European natural gas prices rose on Monday, boosted by disruptions to liquefied natural gas supplies from Australia due to a strike, while oil prices weakened on profit-taking, remaining close to their highest levels since November.
Increase in European natural gas prices due to Australian LNG strike
At around 15:40 GMT (17:40 in Paris), the Dutch TTF futures contract, considered to be the European benchmark, was up more than 6% at 36.75 euros per megawatt-hour (MWh).
“The gains were mainly driven by strikes at Australian LNG facilities which have now come into effect”, commented analysts at Energi Danmark.
Employees of US energy giant Chevron began rotating strikes on Friday to demand higher wages at the company’s gas production sites in Australia.
“Chevron’s facilities account for almost 7% of the world’s LNG supply,” explain DNB analysts.
Asian buyers in need of liquefied natural gas could therefore be driven to outbid their European counterparts and turn to the USA to make up for the shortfall in Australian supply, boosting demand. The war in Ukraine has increased Europe’s dependence on liquefied natural gas, as the Old Continent strives to reduce its purchases of Russian gas. This dependence has led to “greater price volatility, as the market is more exposed to disruptions in global demand and supply”, continue DNB analysts. At the same time, “the maintenance of Norwegian infrastructures is continuing”, also reducing the supply available on the market, continue analysts at Energi Danmark.
Oil prices remain high despite recent profit-taking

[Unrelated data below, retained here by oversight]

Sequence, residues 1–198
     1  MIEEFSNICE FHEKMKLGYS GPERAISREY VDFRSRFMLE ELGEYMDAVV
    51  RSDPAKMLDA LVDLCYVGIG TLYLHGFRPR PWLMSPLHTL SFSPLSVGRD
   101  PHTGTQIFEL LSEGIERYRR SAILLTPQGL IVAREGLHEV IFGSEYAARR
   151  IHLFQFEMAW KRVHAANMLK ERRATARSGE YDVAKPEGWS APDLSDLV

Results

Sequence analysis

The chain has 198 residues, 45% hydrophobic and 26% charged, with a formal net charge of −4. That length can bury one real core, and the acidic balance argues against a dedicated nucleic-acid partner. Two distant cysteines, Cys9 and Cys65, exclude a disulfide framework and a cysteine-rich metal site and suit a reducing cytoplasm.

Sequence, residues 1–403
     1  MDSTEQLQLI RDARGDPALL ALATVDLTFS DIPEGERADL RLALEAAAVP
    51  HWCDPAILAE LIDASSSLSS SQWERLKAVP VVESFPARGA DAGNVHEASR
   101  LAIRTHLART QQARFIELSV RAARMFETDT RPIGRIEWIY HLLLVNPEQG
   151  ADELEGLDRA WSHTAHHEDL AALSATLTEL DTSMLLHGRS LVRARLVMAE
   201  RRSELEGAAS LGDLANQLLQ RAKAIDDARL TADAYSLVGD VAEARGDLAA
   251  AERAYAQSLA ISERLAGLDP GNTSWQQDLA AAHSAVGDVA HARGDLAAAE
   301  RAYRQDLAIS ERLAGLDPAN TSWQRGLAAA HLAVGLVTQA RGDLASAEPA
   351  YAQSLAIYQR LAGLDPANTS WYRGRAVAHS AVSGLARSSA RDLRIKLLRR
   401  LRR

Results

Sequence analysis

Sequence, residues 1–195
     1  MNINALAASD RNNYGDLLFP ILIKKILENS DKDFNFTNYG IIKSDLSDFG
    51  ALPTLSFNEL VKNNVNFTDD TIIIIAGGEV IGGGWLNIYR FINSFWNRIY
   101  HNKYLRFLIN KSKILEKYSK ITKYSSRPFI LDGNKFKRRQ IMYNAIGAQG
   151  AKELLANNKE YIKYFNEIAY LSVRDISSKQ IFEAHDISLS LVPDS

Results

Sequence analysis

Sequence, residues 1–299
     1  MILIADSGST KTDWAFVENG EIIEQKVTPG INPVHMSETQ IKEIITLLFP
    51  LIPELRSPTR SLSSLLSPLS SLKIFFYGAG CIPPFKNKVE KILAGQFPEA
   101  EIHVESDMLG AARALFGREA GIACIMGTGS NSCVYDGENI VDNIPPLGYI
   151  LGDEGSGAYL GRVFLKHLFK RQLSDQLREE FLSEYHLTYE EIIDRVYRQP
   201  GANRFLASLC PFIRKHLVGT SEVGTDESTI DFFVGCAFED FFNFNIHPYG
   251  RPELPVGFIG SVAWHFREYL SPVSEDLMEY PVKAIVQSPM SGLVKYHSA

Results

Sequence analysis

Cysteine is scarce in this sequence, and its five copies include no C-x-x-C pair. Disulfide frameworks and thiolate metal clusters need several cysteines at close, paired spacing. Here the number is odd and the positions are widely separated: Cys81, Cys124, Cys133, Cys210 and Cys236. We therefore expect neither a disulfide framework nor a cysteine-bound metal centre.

On the oil front, Brent crude for November delivery lost 0.31% to $90.37 a barrel. The US equivalent, a barrel of West Texas Intermediate (WTI) for October delivery, slipped 0.50% to $87.07. Oil prices were catching their breath due to “profit-taking after recent gains”, explained DNB analysts.
The two global benchmarks for black gold are at very high levels, driven by the extension of production and export restrictions by Saudi Arabia and Russia until the end of the year. On Monday, they hit new highs since November, at $91.45 for Brent and $88.15 for WTI.
The cuts by the two heavyweights of the Organization of the Petroleum Exporting Countries and their allies (Opec+) have “virtually guaranteed that the oil market will remain tight until the end of the year, meaning that any easing in demand will only produce buying opportunities”, and not a sharp drop in prices, says Edward Moya of Oanda. Concerns persist “on the demand side, due to the weakness of the Chinese economy”, moderates Mirabaud analyst John Plassard.
Why does it matter?
In commercial, financial and energy market terms, disruptions to liquefied natural gas supplies in Australia are having a significant impact on European markets. Rising natural gas prices could bring challenges for businesses and consumers in Europe, while potentially boosting US exports to Asia. As far as oil is concerned, persistently high prices could influence investment decisions and energy policies in oil-importing countries, while creating opportunities for investors in the energy sector.